Washington, D.C. --
On June 19, 1865, shortly after the fall of the last Confederate forces, U.S. Army Maj. Gen. Gordon Granger in Galveston, Texas issued General Order No. 3 advising the people of the state that all slaves were free. Through the years, the date has become known as Juneteenth. Also known as Freedom Day or Emancipation Day, Juneteenth National Independence Day was made a federal holiday when President Biden signed it into law on June 17, 2021.
In observance of Juneteenth, the office of the Assistant Secretary of the Navy, Manpower and Reserve Affairs released a video message from the Department of the Navy’s Chief Diversity Officer Mr. Robert D. Hogue.
“Juneteenth is an opportunity for us to remind ourselves and each other that emancipation came too late for some,” said Hogue. “Let us remember those who were enslaved, here and elsewhere, so that we might understand just a sliver of the joy that Juneteenth offers.”
While the holiday offers the opportunity to celebrate resilience, resistance, and liberation, Hogue believes it is important to note that although General Granger spoke in Galveston not just of freedom, but "an absolute equality of personal rights," absolute equality was not immediately realized.
In fact, after nearly 250 years of slavery in America, Juneteenth was followed by brutally enforced segregation, Jim Crow, and legally enforced inequality. Black Americans still had to fight for their freedom: their right to vote, to hold political office, to pursue education, to hold property, and to ensure their own safety and prosperity.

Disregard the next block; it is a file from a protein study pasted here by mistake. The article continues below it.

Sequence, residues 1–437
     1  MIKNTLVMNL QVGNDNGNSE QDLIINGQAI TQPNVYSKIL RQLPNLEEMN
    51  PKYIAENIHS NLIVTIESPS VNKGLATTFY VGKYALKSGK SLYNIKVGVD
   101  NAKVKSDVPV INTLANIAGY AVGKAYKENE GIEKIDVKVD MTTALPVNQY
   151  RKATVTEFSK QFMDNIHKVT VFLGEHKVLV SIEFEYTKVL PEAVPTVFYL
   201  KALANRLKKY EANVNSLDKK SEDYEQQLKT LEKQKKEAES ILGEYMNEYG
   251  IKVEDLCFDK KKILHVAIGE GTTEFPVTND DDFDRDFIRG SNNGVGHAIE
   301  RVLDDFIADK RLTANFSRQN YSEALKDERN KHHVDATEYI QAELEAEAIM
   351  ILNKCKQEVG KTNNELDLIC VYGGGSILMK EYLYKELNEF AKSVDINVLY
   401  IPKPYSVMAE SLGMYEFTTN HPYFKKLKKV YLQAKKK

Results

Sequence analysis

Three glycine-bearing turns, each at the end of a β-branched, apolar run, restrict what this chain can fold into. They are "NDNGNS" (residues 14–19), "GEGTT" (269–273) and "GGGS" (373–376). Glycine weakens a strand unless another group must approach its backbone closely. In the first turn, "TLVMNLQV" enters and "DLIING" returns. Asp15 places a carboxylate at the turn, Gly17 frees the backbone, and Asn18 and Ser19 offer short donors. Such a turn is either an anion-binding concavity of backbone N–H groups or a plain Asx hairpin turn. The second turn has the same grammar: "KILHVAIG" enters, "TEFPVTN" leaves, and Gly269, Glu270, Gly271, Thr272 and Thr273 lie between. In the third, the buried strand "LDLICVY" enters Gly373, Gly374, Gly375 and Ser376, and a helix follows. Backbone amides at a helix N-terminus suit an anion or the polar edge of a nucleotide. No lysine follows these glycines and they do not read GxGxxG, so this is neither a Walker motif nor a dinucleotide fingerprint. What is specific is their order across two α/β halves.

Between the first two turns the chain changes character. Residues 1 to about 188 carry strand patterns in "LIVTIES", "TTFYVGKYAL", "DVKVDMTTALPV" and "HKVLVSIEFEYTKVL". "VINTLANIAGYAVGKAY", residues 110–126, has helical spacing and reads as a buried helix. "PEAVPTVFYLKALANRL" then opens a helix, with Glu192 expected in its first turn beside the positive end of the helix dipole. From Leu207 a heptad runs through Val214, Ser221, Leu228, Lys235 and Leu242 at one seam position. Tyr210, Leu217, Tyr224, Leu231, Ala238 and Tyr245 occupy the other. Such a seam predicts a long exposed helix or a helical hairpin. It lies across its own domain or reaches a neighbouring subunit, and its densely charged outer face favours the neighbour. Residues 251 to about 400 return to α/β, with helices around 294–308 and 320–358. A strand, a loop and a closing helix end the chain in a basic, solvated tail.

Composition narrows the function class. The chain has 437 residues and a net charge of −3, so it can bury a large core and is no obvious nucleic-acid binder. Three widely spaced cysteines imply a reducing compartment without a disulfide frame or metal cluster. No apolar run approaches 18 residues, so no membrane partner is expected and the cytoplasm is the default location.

Despite all that, and even when confronted with threats of violence and death, African American leaders and activists created institutions of higher learning, local governance, the arts, faith, and more.
Hogue believes these successes were built on the struggles and achievements of those who went before, and secured by the blood shed during the Civil War; that the great price this country has paid to ensure freedom must be matched by a commitment to the American ideal of equality for all. He says Juneteenth calls us to recognize both the sacrifices made and the remarkable achievements, so that our country can move forward fully mindful of its past.
As the DON’s chief diversity officer, Hogue leads the implementation of an enterprise-level DON diversity, equity, and inclusion strategy, synchronizes key policies and initiatives, and ensures alignment with the office of the Secretary of Defense.
Hogue currently serves as the acting DON ASN as well as the principal deputy assistant secretary. In this role, he is responsible for the overall supervision and oversight of DON manpower and reserve component affairs, including the development of programs and policy related to military personnel (active, reserve, retired), their family members, and the civilian workforce. He oversees the DON’s office of equal employment opportunity; sexual assault prevention program office; naval education; manpower, analytics, and human resources systems; diversity, equity, and inclusion; and DON’s lifecycle management of senior executives across the department.
For more information about ASN Mr. Robert D. Hogue, visit https://www.secnav.navy.mil/mra/Pages/default.aspx or https://www.secnav.navy.mil/donhr/About/Senior-Executives/Biographies/Hogue,%20R.pdf